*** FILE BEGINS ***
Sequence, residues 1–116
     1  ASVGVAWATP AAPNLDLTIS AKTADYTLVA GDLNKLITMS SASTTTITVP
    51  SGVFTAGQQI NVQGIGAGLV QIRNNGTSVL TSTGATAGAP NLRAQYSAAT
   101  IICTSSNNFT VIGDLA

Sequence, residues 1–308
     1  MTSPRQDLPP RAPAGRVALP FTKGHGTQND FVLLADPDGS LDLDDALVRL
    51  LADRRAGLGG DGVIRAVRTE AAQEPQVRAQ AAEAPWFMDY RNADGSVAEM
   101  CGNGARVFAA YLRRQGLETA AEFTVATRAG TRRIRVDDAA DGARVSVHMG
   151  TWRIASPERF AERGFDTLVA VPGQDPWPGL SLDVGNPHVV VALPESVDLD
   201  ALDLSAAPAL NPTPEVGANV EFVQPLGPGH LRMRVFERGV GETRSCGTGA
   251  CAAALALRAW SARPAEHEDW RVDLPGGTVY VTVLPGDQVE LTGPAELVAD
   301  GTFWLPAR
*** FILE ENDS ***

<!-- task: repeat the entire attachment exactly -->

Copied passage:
Sequence, residues 1–116
     1  ASVGVAWATP AAPNLDLTIS AKTADYTLVA GDLNKLITMS SASTTTITVP
    51  SGVFTAGQQI NVQGIGAGLV QIRNNGTSVL TSTGATAGAP NLRAQYSAAT
   101  IICTSSNNFT VIGDLA

Sequence, residues 1–308
     1  MTSPRQDLPP RAPAGRVALP FTKGHGTQND FVLLADPDGS LDLDDALVRL
    51  LADRRAGLGG DGVIRAVRTE AAQEPQVRAQ AAEAPWFMDY RNADGSVAEM
   101  CGNGARVFAA YLRRQGLETA AEFTVATRAG TRRIRVDDAA DGARVSVHMG
   151  TWRIASPERF AERGFDTLVA VPGQDPWPGL SLDVGNPHVV VALPESVDLD
   201  ALDLSAAPAL NPTPEVGANV EFVQPLGPGH LRMRVFERGV GETRSCGTGA
   251  CAAALALRAW SARPAEHEDW RVDLPGGTVY VTVLPGDQVE LTGPAELVAD
   301  GTFWLPAR